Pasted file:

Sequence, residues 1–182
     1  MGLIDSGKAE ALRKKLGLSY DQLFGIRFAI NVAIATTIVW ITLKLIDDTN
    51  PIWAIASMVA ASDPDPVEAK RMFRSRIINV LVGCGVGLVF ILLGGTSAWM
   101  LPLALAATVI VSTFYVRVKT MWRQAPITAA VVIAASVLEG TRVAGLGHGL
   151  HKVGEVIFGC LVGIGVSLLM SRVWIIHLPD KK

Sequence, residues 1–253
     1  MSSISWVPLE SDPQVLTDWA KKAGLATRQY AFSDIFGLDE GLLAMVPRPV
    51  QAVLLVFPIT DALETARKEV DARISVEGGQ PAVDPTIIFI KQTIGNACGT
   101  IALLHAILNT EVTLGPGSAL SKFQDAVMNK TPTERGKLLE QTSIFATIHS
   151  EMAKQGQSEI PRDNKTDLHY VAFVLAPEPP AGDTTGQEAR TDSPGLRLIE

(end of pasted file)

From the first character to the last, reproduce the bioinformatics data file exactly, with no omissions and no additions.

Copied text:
Sequence, residues 1–182
     1  MGLIDSGKAE ALRKKLGLSY DQLFGIRFAI NVAIATTIVW ITLKLIDDTN
    51  PIWAIASMVA ASDPDPVEAK RMFRSRIINV LVGCGVGLVF ILLGGTSAWM
   101  LPLALAATVI VSTFYVRVKT MWRQAPITAA VVIAASVLEG TRVAGLGHGL
   151  HKVGEVIFGC LVGIGVSLLM SRVWIIHLPD KK

Sequence, residues 1–253
     1  MSSISWVPLE SDPQVLTDWA KKAGLATRQY AFSDIFGLDE GLLAMVPRPV
    51  QAVLLVFPIT DALETARKEV DARISVEGGQ PAVDPTIIFI KQTIGNACGT
   101  IALLHAILNT EVTLGPGSAL SKFQDAVMNK TPTERGKLLE QTSIFATIHS
   151  EMAKQGQSEI PRDNKTDLHY VAFVLAPEPP AGDTTGQEAR TDSPGLRLIE